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The only American museum outside of the US

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Just a kilometre or two to the east of the city of Bath, is a 19th century mansion, containing the American Museum – a little slice of the States in rural Somerset.
The house in question is Claverton Manor. It's situated in a 120-acre estate, overlooking the valley of the River Avon. In 1897, at the age of just 23, a fresh-faced Winston Churchill came here to deliver his first ever political speech.
In the mid-20th century, a team of three antique collectors took control of the property. One of them was American, one was British, and one had switched citizenship between the two. This trio had a deep interest in the United States, and its history. They filled Claverton with a comprehensive collection of artefacts and memorabilia. After several years of preparation, the American Museum was finally opened in 1961. Even today, many decades later, it remains the only public exhibition of Americana outside of the USA itself.
Instead of displaying its items behind lifeless glass cases, the museum places them in context, within themed period rooms. These include a 17th century home, an 18th century tavern, and an extravagant New Orleans bedroom from the eve of the Civil War. The rooms show the progression of American culture through the years. You can see how the country slowly stopped borrowing European styles, and developed its own.
Downstairs, in the basement, the Heritage Exhibition takes a broader look at US history. The interactive galleries tell the exciting stories of the founding fathers, the native Americans, and the Civil War.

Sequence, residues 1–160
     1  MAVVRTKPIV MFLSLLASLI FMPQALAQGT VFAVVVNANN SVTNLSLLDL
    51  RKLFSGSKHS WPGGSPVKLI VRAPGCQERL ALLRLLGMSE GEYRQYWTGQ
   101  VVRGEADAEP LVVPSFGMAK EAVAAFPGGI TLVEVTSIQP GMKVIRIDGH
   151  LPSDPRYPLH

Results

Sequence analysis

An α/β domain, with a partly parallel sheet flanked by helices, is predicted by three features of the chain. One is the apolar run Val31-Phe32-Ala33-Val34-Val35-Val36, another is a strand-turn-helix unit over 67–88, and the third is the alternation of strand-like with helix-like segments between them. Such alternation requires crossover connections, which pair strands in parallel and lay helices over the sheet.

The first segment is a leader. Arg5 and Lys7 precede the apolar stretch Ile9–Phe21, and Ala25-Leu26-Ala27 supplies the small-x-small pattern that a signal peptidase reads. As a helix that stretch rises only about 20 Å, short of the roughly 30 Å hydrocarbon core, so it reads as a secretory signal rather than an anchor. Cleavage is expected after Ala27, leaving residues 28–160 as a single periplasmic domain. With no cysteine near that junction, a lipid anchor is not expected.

The exhibits also explain about the various conflicts that have happened over the years. However, you won't find a single military piece inside Claverton Manor. This is because the museum's founders were strictly against violence, so they made sure their exhibits excluded such items.
What the collection does include is an extensive amount of furniture, as well as the best display of American folk art in Europe. The work on show includes paintings, carvings and sculpture. Another exhibition features a range of historical maps, from as early as the 12th century. By following the progress of these charts over the years, you can see how North America was gradually explored. It shows how the United States' came from being a newly discovered landmass, to a global superpower.
Visitor Information
The American Museum is open Tuesday to Sunday (closed Mondays), Easter to the end of October, 12 noon to 5pm. Entry costs around £8 for adults, £5 child. Tel: 01225 460503

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